If a child faces abuse, neglect and/or household dysfunction early on life, those experiences can later affect how they form relationships with others. Some may resort to treating others in harsh ways, reflecting what they perceive as something that “resembles love,” Stephen Zwolak said on Tuesday’s St. Louis on the Air.

Zwolak, founder and CEO of LUME Institute and executive director of University City Children’s Center, joined host Don Marsh to discuss how early childhood adversities can have a lasting impact on one’s life.

Also participating in the conversation about helping children facing these adversities take care of their mental health was also Joshua Carlson, a licensed clinical social worker in Illinois and associate director of The Knowledge Center at Chaddock.

The Food and Drug Administration has warned a St. Louis area company to stop marketing supplements such as omega-3 capsules as potential cures for diseases. It says doing so violates federal law, because supplements aren't FDA-approved drugs.
rawdonfox | Flickr

The federal Food and Drug Administration has ordered a St. Louis-area natural-remedy retailer to stop making medical claims on its website.

Chesterfield-based Earth Turns, L.L.C. claimed on its website that certain products could cure or prevent diseases such as Alzheimer’s or diabetes, wrote the FDA in a letter to the company. Retailers are only allowed to make such claims about government-approved drugs, the letter said, and such claims could put patients at risk.

The West Lake Landfill in Bridgeton, seen from St. Charles Rock Road.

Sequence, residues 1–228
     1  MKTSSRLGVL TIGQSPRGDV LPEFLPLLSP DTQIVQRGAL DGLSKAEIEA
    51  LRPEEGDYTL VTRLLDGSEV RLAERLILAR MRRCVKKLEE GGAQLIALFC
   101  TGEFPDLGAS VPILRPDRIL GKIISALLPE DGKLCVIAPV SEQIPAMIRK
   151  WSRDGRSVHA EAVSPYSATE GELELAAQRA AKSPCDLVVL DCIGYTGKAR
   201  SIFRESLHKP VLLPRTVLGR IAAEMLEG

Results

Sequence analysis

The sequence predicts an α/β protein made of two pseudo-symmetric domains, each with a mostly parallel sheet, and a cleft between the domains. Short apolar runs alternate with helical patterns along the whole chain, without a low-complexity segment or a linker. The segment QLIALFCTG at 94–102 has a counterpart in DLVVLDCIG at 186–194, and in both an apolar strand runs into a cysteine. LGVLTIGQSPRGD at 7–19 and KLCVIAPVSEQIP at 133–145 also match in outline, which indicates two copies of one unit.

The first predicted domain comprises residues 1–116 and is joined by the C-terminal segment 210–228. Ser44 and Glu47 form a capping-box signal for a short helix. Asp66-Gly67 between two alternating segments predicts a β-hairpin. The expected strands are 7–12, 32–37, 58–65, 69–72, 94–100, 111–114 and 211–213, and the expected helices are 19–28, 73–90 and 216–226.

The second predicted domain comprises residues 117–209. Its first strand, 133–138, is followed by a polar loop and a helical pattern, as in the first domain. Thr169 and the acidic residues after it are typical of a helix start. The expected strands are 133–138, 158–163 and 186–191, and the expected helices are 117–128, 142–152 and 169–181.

File Photo | Carolina Hidalgo | St. Louis Public Radio

Bridgeton Landfill LLC and other companies responsible for cleaning up the West Lake Landfill are developing a plan to study radioactive contamination in groundwater at the site.

Federal officials and community members became concerned about groundwater contamination especially after the U.S. Geological Survey released a report in 2014 that found high levels of radium in samples taken from wells at the landfill. But at the time, scientists could not conclude that it was caused by the radioactive waste at the site.

Republic Services subsidiaries Bridgeton Landfill and Rock Road Industries, the Cotter Corporation, and the U.S. Department of Energy have until June 6 to submit a plan to the Environmental Protection Agency for how they will study the groundwater.

Erika Klotz is co-owner of the newly launched Selfie Room in downtown St. Louis.
The Selfie Room

The Selfie Room just made its debut in downtown St. Louis, offering the latest evidence of a seemingly ever-present selfie phenomenon. The museum’s mission is to “bring people together by taking photos with fun, whimsical backdrops” that comprise its interactive art exhibits.

On Tuesday’s St. Louis on the Air, host Don Marsh talked with Selfie Room co-owner Erica Klotz about what visitors can expect at the new entertainment destination – and also discussed the broader cultural landscape that surrounds it.

Amber Hinsley, an associate professor in the Department of Communication at St. Louis University, and Jennifer Siciliani, a University of Missouri-St. Louis psychology professor in the area of behavioral neuroscience, also participated in the conversation.

Samuel M. Kennard School was built in St. Louis' North Hampton neighborhood in 1928 and named for a former Confederate soldier and businessman. Parents of the gifted school now located in the building want the school's name changed.